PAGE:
To reach out to potential new patients in the community, Full Circle PR recommends starting by thinking about the demographic of your ideal patient and then finding where you would have them as an audience. For example, if you are a pediatrician, you want to look for any child-focused community events, such as a children’s parade. For orthopedics, look for sporting events like 5Ks and other weekend warrior events around your practice. Contact the organizer and ask how you can get involved. Having a booth at an event, with great promotional items and literature about how your practice can help a patient is a sure way to gain new patients to your practice.

Physician Referral Sources

Do you know where exactly are your patients coming from?

“In a perfect world, there would be two questions pertaining to marketing on the patient’s intake form, ‘where did you hear about us?’ and ‘where did you get our contact information?’” Krohn said.

“We often find that our clients have a real discrepancy between the physician’s perception of where their patients are coming from and the raw data. They may think that another doctor is sending them several patients a week, when it’s really only one or two a month when you pull the actual reports.”

That’s why it’s crucial for a physician’s staff to accurately report where each patient who walks in the door is coming from, as it lays the foundation for which marketing resources are effectively allocated.

If you are a specialist, the largest source of referrals should be from your colleagues. Physicians should make it a priority to reach out to their colleagues, even if it is a simple phone call to say hello. Thank you cards go along way, especially when a new referral source sends you a patient for the first time. Saying thank you in a template report is generic an insincere. Is that how you want to be thought of?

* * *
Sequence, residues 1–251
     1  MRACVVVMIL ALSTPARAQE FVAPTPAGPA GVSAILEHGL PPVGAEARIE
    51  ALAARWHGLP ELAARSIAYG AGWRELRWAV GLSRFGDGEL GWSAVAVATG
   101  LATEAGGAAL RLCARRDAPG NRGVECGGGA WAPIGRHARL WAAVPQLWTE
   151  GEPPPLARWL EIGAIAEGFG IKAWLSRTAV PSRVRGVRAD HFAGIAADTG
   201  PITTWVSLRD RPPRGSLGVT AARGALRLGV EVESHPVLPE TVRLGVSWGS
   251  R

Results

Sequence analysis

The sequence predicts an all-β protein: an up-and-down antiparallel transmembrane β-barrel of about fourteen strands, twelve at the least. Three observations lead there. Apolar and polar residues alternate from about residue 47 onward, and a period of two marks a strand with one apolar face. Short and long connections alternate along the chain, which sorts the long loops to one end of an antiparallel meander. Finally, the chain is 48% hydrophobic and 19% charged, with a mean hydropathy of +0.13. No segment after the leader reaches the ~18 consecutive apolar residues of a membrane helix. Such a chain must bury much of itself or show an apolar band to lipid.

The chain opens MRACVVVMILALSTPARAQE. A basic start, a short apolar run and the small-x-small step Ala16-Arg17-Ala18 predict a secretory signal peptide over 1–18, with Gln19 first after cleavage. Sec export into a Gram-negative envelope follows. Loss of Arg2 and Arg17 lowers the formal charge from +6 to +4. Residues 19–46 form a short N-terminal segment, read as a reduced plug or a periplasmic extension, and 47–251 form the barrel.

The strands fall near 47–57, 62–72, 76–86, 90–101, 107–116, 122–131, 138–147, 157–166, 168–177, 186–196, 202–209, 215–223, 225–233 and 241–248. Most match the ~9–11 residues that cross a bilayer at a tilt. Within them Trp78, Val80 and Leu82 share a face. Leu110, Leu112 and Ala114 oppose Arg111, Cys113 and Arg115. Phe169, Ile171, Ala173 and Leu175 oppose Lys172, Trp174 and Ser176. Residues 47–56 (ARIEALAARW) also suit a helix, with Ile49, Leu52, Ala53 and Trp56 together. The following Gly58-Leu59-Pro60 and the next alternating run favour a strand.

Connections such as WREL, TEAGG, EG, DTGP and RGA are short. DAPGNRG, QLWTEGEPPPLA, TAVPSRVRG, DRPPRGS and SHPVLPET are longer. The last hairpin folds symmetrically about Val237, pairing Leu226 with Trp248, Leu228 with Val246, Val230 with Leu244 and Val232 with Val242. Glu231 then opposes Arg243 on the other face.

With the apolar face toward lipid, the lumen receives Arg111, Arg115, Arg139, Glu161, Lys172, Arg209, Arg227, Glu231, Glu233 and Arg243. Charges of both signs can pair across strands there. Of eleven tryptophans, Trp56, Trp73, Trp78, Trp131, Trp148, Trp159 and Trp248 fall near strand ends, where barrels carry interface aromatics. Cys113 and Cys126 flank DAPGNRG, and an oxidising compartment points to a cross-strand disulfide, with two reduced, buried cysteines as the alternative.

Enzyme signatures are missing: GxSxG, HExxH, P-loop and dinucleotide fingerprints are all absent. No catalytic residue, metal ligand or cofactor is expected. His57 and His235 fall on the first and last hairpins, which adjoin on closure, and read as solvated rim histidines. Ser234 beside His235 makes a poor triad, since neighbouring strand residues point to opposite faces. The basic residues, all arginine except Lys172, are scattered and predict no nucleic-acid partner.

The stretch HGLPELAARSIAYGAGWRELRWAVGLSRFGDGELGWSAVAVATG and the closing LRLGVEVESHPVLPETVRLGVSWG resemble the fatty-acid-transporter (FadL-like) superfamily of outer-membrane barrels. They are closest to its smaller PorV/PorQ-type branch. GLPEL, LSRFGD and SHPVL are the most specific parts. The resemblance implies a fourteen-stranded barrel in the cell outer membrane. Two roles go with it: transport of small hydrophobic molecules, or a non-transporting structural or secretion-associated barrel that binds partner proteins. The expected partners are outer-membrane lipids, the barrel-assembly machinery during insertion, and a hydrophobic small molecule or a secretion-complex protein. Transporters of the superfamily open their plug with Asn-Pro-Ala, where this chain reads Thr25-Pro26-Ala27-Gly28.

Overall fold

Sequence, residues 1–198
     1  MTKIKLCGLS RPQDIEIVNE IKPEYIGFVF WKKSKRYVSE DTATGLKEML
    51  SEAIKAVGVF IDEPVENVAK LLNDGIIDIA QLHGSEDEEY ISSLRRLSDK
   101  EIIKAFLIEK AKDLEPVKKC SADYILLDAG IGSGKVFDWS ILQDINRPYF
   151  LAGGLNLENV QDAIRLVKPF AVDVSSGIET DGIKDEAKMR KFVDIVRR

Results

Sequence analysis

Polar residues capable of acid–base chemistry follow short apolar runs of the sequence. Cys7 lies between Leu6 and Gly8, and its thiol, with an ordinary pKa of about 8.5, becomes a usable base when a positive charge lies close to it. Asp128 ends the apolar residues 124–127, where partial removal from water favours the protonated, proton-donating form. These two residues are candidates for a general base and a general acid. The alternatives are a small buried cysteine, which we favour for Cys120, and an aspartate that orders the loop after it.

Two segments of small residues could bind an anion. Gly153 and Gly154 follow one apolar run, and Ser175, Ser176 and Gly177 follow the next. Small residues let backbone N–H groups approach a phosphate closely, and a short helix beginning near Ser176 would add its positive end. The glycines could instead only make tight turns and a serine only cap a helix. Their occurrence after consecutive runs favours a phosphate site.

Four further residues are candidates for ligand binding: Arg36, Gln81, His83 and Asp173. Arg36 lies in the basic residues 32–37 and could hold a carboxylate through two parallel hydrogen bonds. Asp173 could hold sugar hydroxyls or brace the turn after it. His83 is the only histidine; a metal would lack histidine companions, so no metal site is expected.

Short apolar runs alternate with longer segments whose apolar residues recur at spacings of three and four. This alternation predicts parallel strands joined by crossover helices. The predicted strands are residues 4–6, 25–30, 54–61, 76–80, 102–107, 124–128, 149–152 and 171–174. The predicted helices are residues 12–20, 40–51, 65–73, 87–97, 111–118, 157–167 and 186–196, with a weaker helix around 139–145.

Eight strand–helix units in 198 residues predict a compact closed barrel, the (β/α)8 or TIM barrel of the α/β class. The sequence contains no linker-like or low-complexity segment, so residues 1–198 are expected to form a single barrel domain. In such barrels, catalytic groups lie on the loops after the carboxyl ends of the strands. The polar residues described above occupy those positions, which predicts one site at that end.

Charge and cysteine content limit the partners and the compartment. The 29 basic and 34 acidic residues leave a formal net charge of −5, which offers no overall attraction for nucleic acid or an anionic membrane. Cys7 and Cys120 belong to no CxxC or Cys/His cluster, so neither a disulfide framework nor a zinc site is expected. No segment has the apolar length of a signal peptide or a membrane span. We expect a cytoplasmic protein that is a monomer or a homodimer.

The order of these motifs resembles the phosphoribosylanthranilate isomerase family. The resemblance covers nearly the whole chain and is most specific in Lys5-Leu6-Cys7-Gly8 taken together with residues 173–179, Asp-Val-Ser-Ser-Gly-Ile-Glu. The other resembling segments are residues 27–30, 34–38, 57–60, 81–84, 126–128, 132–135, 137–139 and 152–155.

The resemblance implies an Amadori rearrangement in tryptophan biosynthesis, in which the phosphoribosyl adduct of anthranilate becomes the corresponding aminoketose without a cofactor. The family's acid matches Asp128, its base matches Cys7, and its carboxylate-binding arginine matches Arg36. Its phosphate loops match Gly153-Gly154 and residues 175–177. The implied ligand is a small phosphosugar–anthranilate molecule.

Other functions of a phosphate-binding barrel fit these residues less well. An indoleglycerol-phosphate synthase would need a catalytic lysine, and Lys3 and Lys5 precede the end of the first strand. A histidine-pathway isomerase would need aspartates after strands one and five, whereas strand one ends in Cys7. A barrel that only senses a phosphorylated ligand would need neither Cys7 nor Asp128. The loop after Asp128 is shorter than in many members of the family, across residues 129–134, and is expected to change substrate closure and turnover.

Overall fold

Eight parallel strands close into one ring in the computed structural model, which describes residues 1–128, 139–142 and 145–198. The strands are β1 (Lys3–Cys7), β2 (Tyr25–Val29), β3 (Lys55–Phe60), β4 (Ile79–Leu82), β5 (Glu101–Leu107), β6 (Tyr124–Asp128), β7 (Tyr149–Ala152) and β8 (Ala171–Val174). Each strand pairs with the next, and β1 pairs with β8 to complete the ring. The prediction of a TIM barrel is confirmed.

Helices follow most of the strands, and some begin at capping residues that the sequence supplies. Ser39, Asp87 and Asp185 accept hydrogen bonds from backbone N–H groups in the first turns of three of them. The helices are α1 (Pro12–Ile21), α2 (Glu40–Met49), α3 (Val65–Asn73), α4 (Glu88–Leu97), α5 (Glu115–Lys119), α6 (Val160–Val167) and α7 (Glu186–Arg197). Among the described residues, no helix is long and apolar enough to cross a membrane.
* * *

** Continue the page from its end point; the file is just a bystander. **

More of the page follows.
Another successful way to reach out to both current referring physicians and potential referring physicians is with e-newsletters and case studies. The case studies are like mini white papers, either based on a procedure you would like to highlight or a great patient outcome. Even sending journal articles that would interest referring physicians is a great touch point. It differentiates you from your competition and shows you were thinking of them.

“Just last week, we had a family practice physician reply back to our orthopedic client’s e-newsletter containing a case study, thanking them for sending such interesting articles,” Krohn said.

Other Referral Sources

Is “word of mouth” in the top three highest referral sources for your practice? If not, it should be and you should survey your patients to see if something is happening that you are unaware of. These analytics can help your practice become more successful in the long run.

Have you Googled yourself lately? What types of reviews do you have? Have you responded within HIPAA guidelines to your reviewers? Even if a patient is putting your name into Google Maps, your reviews are right there. If you have no or a low number of stars, they may think twice about coming to you. Put yourself in their shoes, you and your spouse are going to dinner and you type the restaurant’s name into Google Maps for directions and it has bad reviews. Would you still go? Your online presence needs to be constantly monitored by yourself or someone within your practice.

Remember, building a practice and gaining more patients takes time. The key to any successful marketing plan is being persistent and consistent.